Personas

Personas are pretty difficult to complete with my target audience due to their age, and restrictions that poses on me. Therefore it is important to note that these personas are based on questions asked by teacher and parents and passed on to me.

While important, the childs persona isn’t the only relevant one in this situation as parents are also revelant personas as they are the ones who will allow their child to use technology, or purchase products for their child.

The mother works hard to earn a living to support her family, she likes to see her daughter happy and will do what she can to keep her entertained. That said, she wants to make sure her child is doing something reasonably productive, even if it is while she is playing a game. You can see the persona for the mother here;

persona-mother.jpg

The daughters persona is much different, as while she works hard at school to impress her parents, and for her own benifit, she much more appreciates her down time. She wants to relax and have fun, anything like learning doesn’t seem like a great use of her down time. As she has no/little sense of the value of money, she relies no her mother to provide her toys and luxuries. You can see the persona for the daughter here;

persona-daughter.jpg

Wireframes & User Journey

The User Journey is very important, once the wire frames have been completed it is vital to make sure that every user action has been accounted for. Below is the user journey for the museum experience.

1; The first stage allows the user select the language they pick – accessibility is vital here

2; The second stage allows the user to pick the difficulty of the information provided – this is important because it allows the user to decide what type of experience they want.

3; Select gender & age- data collect for the government budgets would be a great resource the in app service can provide to allow the budget to be spent more wisely. This is something my research suggests the government currently struggle with.

4; This page allows the user to pic specifically what topic they learn about within the museum

5; The captain is introduced to the user, the above wireframe was to show the captain on the left with a speech bubble on the right. I decided against this because it was too much to read and should instead be an audio track played into headphones of the user with a subtitles option for the deaf.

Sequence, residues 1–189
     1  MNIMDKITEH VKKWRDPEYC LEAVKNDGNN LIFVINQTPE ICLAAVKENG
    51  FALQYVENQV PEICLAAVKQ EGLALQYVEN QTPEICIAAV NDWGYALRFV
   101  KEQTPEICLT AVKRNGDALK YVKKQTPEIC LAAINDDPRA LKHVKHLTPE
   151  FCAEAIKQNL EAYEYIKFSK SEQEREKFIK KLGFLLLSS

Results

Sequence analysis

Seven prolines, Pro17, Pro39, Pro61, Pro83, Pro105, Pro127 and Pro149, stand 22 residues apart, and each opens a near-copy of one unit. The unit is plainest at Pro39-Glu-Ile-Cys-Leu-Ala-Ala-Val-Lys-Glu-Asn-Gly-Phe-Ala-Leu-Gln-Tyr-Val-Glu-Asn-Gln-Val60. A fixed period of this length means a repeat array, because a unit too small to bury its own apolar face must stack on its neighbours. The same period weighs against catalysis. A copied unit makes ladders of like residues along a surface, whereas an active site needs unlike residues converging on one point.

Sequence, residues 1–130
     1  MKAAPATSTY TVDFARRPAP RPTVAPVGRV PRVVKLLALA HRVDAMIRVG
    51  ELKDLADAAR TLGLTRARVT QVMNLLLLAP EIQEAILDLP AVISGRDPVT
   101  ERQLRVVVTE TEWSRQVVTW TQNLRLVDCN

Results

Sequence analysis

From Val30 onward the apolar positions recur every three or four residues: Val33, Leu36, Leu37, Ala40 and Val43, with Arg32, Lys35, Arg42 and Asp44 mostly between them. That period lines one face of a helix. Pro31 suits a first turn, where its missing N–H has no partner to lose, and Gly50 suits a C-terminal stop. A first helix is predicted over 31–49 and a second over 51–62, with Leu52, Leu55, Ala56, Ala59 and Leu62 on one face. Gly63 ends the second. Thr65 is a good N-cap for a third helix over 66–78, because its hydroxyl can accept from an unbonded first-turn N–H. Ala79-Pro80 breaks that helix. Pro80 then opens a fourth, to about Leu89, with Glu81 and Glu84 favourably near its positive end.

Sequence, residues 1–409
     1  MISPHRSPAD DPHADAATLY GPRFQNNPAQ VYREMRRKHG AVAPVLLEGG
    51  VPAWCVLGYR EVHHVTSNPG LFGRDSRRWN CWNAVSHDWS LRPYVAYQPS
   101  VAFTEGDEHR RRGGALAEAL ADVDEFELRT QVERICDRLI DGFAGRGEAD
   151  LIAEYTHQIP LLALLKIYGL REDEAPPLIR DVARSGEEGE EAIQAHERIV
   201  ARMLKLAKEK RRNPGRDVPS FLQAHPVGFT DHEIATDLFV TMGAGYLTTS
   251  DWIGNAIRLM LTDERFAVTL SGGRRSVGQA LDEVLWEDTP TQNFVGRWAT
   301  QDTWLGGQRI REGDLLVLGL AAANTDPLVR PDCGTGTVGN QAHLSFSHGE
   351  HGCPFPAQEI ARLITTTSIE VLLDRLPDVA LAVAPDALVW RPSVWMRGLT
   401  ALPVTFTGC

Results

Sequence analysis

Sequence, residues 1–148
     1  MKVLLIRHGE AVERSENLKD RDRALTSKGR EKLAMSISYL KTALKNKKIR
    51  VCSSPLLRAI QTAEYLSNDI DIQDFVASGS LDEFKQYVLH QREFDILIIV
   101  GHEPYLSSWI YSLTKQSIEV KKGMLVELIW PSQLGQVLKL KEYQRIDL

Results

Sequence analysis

6; This is the main user interface that has all the basic functions of the experience, the camera icon takes you to the camera function where the user will see everything in black and white but have interactive objects appearing in colour. The map icon guides the user along their route within the museum experience, and finally there is the captain who will answer any of the user’s questions as they travel around the exhibition. You can see both of the wireframes at 7 & 8.

9-11; The first interactive element that the user would see is the boats section, you can see below the different wireframes that show the sleeping quarters of the boat and where the different staff slept, along with information on the lengths of trips the boats take.

12-15; This section shows the user the two most important weapons used when capturing a whale, what they look like, how they work and how they were used.

16-18; The second interactive section is of the right whale skeleton featured in the centre of the exhibition, it shows the user information on the scale of the animal, dietary needs, and al;so allows the user to see the different layers within the whale itself bones, organs, muscles and skin.

19; The selfie section allows the user to take a photograph in the costumes of classic whalers, the captain and the seamen.  Once one has been take the user can see the pictures taken by other visitors.

20-22; This section of the exhibition is dedicated to the polar bears and and the eating habits and timeline of population

23-25; This section allows the user to relax in the 3D room with the ability to learn more on the iPad, play a game and also an art board to allow people to draw artwork that get gets submitted to the collection.

26; The second to last section of the website shows the user different ways to get involved with saving whales

24; The final section of the website shows the user a video of whales that is being projected on the wall of the final room and also on the outside of the building, this videos frames can be edited by a user much like the video found in my research

 

Two things noting are;

The social network login;

This is something that I have considered but decided against. The reasons for having social network login was to allow the museum to collect data on it’s visitors- something that my research suggested that the government struggles to collect.  While it is important to collect data on the visitor – there are other ways of doing this that I have shown new wireframe below to collect the gender and age of the user.

The OLD menu;

Wireframe8.png

I decided that the menu did not require a social feed as it looked clunky and would be unnecessary.

wireframesfinal.png

UI & UX Research

“Good Artists Copy; Great Artists Steal” – Steve Jobs, while I don’t plan to steal other peoples work, I think it is very important for me to take inspiration from design trends to create the best website possible, below are great inspiration for ideas for my own website. I have ensured I have created the best design simply by starting at the mobile and working up to the desktop computer. This allows me to create with the experience in the forefront of my mind. The design should be understood from one platform to the next, therefore the design inspiration I have taken into consideration here, effects the various different platforms in different ways.